Please ensure Javascript is enabled for purposes of website accessibility
SC Biz News


Root Cause awarded $247,029 Healthy Greenville grant

  • Staff Report
Print Story
  • Share

Root Cause is working with 50 community partners to deliver some basic health care services in Greenville. (Photo/Provided)Root Cause, a health and public services initiative led by the University of South Carolina School of Medicine Greenville, Prisma Health-Upstate, and more than 50 community partners, is the recipient of a three-year grant by Healthy Greenville. 

The $247,029 grant will help Root Cause continue its mission of serving residents in the community of Dunean who might otherwise have limited access to health care and expand to two nearby communities in Greenville County, according to a news releaase. It will also allow the medical-student-run community health fair to extend its outreach efforts as it bridges important healthcare and wellness resources to residents. 

The grant was awarded as part of the 2022 grant cycle for “Healthy Greenville: A Bold Health Initiative for Greenville County,” the Greenville Health Authority’s annual grant program. This year, “Healthy Greenville” awarded a total of $5.8 million in grants to 11 nonprofit organizations that impact health-related care, health research, and health education projects and programs to improve the health of Greenville County residents.

“We are extremely grateful to the Greenville Health Authority for its recognition of the efforts of our students to expand access to health care, and work toward overcoming health disparities in their surrounding communities,” said Dr. Jennifer Springhart, clinical assistant professor at the medical school and faculty adviser for Root Cause. “This grant will allow us to reach larger numbers of people in need and help our students to feel embedded in the Greenville community.”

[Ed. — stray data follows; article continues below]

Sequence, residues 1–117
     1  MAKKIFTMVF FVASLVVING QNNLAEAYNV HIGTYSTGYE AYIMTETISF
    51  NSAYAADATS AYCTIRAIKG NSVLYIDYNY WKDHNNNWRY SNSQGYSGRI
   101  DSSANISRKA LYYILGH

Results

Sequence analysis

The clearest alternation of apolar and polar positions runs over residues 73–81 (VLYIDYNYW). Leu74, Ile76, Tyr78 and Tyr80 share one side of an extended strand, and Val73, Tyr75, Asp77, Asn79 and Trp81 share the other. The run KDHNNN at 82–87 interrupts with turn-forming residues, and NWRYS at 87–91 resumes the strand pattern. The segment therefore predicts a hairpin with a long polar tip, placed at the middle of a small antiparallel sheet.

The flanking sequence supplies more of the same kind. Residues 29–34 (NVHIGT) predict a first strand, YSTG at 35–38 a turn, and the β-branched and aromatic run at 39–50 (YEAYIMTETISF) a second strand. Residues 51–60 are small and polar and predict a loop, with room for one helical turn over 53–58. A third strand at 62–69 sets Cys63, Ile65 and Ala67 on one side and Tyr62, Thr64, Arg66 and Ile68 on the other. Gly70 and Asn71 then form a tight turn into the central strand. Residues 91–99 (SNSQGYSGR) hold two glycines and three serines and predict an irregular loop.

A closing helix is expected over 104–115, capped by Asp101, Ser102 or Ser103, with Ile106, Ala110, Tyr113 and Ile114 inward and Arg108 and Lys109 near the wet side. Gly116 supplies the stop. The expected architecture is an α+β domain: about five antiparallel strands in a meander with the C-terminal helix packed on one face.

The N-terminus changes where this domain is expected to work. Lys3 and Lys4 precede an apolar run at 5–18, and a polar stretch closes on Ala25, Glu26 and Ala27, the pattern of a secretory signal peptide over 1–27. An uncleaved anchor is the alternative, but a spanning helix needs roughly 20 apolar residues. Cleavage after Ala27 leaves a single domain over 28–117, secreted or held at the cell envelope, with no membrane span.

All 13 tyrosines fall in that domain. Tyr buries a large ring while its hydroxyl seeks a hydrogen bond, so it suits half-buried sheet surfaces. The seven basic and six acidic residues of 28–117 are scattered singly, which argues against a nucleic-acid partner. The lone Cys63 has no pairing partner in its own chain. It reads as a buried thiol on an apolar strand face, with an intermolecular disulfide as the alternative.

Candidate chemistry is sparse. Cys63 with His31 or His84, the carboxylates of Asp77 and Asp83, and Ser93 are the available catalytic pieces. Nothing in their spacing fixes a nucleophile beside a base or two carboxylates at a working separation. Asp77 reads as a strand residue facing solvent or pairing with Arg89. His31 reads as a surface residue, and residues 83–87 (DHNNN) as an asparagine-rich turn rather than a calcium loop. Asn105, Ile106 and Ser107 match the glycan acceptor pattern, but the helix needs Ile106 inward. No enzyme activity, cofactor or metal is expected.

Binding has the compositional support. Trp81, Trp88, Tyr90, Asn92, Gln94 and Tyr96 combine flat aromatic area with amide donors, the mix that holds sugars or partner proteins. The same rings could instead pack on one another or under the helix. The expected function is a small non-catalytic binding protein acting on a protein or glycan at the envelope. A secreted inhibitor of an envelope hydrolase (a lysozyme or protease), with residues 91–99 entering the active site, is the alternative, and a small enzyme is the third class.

Since 2019, Root Cause has been engaging and helping residents stay healthy, by promoting healthy lifestyles and working to reduce health disparities across Greenville County. USC School of Medicine Greenville established the community health fair in the community of Dunean, where a significant portion of residents report low access to health care, the news release said. A 2018 multidisciplinary task force found that the community — adjacent to the medical school and Prisma Health Greenville Memorial Hospital — was an at-risk community with a high rate of poverty, diabetes, obesity and low rates of access to health care. 

Thanks to the three-year Healthy Greenville grant, Root Cause will be able to expand its reach and positive impact beyond the Dunean community. Plans call for an expansion to the nearby communities of Nicholtown and Berea. 

“This grant will help Root Cause expand to these other communities while also continuing to invest in the Dunean region,” Elise Kao, Root Cause student director, said in the news release. 

Furthermore, Kao says the nascent program strives to “establish our future as a positive staple of the Greenville County community.”

Every month, Root Cause holds a health fair in Dunean. At the monthly health fair, a free meal is provided while various partners and healthcare experts provide resources and/or teach on relevant public health topics. School of Medicine Greenville medical students and health care practitioners teach healthier habits through wellness workshops, cooking demonstrations, blood pressure screenings and more. 

Root Cause aims to “ensure those who have decreased access to health care resources can receive them during our monthly health fairs, such as connecting to primary care offices, free clinic information, and wellness information,” said Darby Billing, student community outreach director. Furthermore, the unique initiative also provides the medical school’s future physicians an opportunity to gain valuable medical volunteering experiences. 

The initiative also plans to hire a marketing employee to help with outreach about the program and events throughout the year. Root Cause is currently entirely run and organized by medical school faculty, medical student volunteers and community-partner volunteers.

  • Share
Write a Comment

Subscribe to Our Digital Newsletters